Question: Ill holly
I have for years a holly bush plant in the vase on the balcony. Suddenly he started to lose the leaves en masse. Some are dry but most are green. Now it's almost bare. No parasites are visible. What should I do? Thanks.
Answer: Ill holly
since you don't see insects on your holly plant, and I don't know how long you keep your shrub in a pot, I think that the loss of foliage is due to excessive watering, which caused the development of rot, at a radical level. Unfortunately, rots are often subtle diseases, in the sense that they tend to develop after weeks, during which the soil of the pot has remained wet for a long time, with stagnant water. Another reason related to the loss of foliage may be the opposite, or a prolonged lack of water; also in this case, since it is a resistant shrub, it may be that its problems with water became apparent after several weeks of scarce watering, even though in the weeks before the shrub looked luxuriant.
If you think it could be a problem actually related to watering, I remind you how and how much you water a holly in a vase; hollies are well vigorous evergreen shrubs, which bear intense frost, heat and drought; but if placed in pots, it is advisable to pay more attention to the needs of the plant, because it does not have the possibility to enlarge its roots at will, in search of water if placed in dry soil, or in search of air if placed in always damp soil . The ideal is to intervene on watering only when the soil is well dry: just dip a finger in the ground, if it is moist and cool, we postpone watering. There is no rule for when to water: in January we can also water once every 10-12 days, only on the hottest days; instead in April we may have to water about once a week, or even more often if the weather is warm. When watering, it is important to wet the soil well, continuing to supply water until you see it coming out of the drain hole in the bottom of the pot, so we are sure we have wetted all the earth bread.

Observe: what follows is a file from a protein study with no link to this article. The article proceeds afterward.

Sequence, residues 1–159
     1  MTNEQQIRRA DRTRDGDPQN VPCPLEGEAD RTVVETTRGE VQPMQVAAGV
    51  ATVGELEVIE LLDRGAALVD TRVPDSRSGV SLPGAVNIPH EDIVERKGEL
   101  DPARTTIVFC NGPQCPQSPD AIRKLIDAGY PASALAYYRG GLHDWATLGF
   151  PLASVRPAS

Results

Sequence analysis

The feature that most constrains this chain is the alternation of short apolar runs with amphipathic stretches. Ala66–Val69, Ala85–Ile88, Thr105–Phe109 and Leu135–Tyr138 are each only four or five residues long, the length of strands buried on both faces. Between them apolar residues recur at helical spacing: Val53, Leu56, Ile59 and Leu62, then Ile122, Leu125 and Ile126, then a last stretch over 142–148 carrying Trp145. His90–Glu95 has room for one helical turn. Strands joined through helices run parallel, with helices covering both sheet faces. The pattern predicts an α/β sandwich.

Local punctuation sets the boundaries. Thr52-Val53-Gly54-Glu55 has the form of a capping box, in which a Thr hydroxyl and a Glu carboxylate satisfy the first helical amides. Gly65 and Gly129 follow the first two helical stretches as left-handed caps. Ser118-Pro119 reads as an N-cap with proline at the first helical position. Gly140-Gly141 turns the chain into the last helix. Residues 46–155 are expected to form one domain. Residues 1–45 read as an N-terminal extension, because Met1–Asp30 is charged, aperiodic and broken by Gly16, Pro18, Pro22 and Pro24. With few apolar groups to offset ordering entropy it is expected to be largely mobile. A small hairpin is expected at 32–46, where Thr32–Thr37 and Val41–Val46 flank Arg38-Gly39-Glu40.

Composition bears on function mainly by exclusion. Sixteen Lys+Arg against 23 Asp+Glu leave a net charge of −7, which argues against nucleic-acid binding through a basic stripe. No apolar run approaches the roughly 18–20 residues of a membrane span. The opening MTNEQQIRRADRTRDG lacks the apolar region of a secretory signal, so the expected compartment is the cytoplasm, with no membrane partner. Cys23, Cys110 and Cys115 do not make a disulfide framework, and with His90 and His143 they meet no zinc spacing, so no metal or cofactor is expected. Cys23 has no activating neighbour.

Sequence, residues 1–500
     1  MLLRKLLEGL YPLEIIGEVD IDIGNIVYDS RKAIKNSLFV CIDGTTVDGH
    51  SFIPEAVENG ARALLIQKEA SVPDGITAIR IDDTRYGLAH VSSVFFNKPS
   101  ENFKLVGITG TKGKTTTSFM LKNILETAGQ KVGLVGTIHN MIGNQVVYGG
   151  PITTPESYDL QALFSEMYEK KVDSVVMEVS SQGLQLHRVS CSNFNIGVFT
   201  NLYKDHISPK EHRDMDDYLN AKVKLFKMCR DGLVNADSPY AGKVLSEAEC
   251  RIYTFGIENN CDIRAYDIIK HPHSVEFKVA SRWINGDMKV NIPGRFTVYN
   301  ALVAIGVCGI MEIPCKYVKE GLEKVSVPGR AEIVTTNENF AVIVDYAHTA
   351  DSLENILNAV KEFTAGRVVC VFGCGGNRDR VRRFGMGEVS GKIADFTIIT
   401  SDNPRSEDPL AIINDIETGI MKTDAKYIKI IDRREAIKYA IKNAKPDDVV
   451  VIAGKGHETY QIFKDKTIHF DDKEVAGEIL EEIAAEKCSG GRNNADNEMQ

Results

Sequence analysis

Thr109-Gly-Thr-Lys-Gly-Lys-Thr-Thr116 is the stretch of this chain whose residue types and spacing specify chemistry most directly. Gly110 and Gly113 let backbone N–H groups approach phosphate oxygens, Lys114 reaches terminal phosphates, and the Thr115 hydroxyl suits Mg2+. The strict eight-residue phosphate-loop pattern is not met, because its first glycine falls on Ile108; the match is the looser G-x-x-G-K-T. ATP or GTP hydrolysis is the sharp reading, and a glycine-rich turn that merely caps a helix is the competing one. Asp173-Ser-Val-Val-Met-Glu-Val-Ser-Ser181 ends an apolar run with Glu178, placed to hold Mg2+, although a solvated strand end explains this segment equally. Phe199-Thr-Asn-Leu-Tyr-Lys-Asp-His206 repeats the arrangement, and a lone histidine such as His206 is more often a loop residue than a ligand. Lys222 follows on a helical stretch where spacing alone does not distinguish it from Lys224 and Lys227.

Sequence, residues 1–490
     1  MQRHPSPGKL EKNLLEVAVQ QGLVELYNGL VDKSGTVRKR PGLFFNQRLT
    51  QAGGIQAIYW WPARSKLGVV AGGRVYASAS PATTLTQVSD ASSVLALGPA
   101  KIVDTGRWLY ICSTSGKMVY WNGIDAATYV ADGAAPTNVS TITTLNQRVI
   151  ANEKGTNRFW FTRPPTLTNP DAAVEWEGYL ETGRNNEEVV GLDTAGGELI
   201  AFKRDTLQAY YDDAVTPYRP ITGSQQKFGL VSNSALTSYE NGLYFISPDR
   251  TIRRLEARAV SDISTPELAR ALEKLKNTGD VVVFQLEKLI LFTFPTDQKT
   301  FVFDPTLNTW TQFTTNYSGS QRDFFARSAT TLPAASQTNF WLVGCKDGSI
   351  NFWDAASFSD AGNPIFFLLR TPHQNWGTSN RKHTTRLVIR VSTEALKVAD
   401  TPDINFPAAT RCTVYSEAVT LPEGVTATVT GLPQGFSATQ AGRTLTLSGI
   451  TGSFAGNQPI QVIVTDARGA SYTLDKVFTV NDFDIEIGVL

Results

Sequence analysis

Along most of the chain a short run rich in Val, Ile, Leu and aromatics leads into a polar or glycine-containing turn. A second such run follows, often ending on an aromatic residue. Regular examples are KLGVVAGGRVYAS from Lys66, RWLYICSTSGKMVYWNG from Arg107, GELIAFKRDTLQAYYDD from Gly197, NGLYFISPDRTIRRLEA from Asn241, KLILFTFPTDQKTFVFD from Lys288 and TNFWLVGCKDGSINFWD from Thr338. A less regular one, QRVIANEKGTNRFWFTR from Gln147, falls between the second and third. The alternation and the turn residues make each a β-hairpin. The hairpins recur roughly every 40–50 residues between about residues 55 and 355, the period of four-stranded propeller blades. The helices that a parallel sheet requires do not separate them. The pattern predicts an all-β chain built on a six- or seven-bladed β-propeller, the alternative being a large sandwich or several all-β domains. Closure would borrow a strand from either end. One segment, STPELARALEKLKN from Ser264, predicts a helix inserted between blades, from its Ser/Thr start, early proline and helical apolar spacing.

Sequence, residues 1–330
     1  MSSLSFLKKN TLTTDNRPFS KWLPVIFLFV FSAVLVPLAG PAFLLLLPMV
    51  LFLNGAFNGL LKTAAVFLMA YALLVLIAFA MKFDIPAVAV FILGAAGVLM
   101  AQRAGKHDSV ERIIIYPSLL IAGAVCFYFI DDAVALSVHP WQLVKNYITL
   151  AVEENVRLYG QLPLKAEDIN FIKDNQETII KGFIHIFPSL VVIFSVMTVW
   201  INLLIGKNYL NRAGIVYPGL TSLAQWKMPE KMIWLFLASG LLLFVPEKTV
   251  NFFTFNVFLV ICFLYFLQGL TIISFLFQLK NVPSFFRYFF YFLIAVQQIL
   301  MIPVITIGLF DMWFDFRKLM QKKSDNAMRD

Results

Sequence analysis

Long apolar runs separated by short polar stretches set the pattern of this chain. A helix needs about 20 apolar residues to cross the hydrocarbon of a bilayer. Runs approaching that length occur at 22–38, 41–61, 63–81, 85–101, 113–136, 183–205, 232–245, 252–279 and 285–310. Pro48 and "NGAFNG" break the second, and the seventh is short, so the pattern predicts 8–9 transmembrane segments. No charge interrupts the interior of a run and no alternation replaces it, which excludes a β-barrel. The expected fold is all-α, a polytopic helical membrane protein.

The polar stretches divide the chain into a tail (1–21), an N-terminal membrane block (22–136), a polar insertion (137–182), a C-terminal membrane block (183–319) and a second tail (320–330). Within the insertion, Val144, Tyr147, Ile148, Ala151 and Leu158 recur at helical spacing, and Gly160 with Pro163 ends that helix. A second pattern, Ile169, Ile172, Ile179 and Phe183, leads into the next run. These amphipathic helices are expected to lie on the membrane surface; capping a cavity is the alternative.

Other reasons that may have caused the loss of the leaves can be tied to a now exhausted ground, which must be replaced, or to the presence of insect larvae between the roots, which are eating them. I believe that repotting, replacing the whole earth with rich and fresh soil, is an excellent solution.